David Bourget (Western Ontario)
David Chalmers (ANU, NYU)
Rafael De Clercq
Jack Alan Reynolds
Learn more about PhilPapers
Mind 107 (425):33-58 (1998)
We call a semantic theory 'classical' if it includes the assertions that (I) a function V assigning semantic value maps object language proper names into some set D, (ii) V maps object language atomic sentences into some set F, and (iii) the extension of any object language unary predicate is a member of the power set of D. Two theorems can be proven which assert that any classical theory which includes certain other assumptions assigns the same member of F to every true object language sentence. Many accept the following argument: (1) every plausible semantic theory is classical and contains the assertions named in the theorems, (2) if the semantic value of declarative sentences is a representation or representational then, some different true sentences differ in what they represent, hence, declarative sentences are not representational. I show how to avoid the conclusion by arguing for the falsity of (1).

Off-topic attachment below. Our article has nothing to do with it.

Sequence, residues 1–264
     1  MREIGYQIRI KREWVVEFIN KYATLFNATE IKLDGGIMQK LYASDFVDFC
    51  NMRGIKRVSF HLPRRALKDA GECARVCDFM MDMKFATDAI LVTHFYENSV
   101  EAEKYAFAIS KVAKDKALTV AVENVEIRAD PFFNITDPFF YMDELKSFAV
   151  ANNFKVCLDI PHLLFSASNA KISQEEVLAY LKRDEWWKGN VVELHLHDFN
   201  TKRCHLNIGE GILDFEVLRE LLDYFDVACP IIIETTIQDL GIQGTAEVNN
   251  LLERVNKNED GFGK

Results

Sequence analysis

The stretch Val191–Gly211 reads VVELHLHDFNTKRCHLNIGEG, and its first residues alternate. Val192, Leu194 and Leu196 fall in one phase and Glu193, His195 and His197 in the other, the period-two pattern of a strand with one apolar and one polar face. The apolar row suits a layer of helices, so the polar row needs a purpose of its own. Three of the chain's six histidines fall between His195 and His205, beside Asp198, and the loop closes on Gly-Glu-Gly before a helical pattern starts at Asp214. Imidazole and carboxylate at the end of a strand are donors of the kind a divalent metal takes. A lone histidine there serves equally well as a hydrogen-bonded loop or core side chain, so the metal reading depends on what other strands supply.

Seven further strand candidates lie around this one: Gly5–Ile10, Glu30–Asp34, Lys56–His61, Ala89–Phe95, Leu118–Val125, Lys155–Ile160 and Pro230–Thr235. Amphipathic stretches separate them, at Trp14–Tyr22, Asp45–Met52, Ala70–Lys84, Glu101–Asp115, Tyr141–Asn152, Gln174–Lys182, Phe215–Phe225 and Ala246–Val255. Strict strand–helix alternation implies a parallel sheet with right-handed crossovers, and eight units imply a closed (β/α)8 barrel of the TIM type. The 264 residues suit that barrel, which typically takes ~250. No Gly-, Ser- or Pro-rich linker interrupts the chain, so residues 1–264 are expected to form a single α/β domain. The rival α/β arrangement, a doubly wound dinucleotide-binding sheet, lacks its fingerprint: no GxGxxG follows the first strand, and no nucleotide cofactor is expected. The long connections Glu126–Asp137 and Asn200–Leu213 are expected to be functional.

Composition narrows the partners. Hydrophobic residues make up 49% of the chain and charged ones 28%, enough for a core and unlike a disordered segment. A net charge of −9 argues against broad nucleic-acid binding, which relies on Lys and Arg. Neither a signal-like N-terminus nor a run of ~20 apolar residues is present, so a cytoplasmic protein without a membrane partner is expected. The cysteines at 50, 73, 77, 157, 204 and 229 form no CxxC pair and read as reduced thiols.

|Keywords||No keywords specified (fix it)|
|Categories||categorize this paper)|
Setup an account with your affiliations in order to access resources via your University's proxy server
Configure custom proxy (use this if your affiliation does not provide a proxy)
|Through your library|
References found in this work BETA
No references found.
Citations of this work BETA
No citations found.
Similar books and articles
D. Bellé & F. Parlamento (2006). Truth in V for Ǝ ∀∀-Sentences Is Decidable. Journal of Symbolic Logic 71 (4):1200 - 1222.
Deirdre Wilson & Dan Sperber (1988). Mood and the Analysis of Non-Declarative Sentences. In J. Dancy, J. M. E. Moravcsik & C. C. W. Taylor (eds.), Human Agency: Language, Duty, and Value. Stanford University Press. 77--101.
Brian P. Keane (2008). On Representing Objects with a Language of Sentience. Philosophical Psychology 21 (1):113 – 127.
Hannes Leitgeb (2005). What Truth Depends On. Journal of Philosophical Logic 34 (2):155-192.
Hartry Field (2003). A Revenge-Immune Solution to the Semantic Paradoxes. Journal of Philosophical Logic 32 (2):139-177.
H. G. Callaway (1988). Semantic Competence and Truth-Conditional Semantics. Erkenntnis 28 (1):3 - 27.
Alberto Voltolini (2007). Names for Ficta, for Intentionalia, and for Nothing. In María José Frápolli (ed.), Saying, Meaning and Referring: Essays on François Recanati's Philosophy of Language. Palgrave Macmillan. 183-197.
Maria van der Schaar (2007). The Assertion-Candidate and the Meaning of Mood. Synthese 159 (1):61-82.
Maria van Der Schaar (2007). The Assertion-Candidate and the Meaning of Mood. Synthese 159 (1):61 - 82.
Andrzej Wiśniewski (1994). Erotetic Implications. Journal of Philosophical Logic 23 (2):173 - 195.
Added to index2009-01-28
Total downloads34 ( #71,840 of 1,696,560 )
Recent downloads (6 months)13 ( #43,589 of 1,696,560 )
How can I increase my downloads?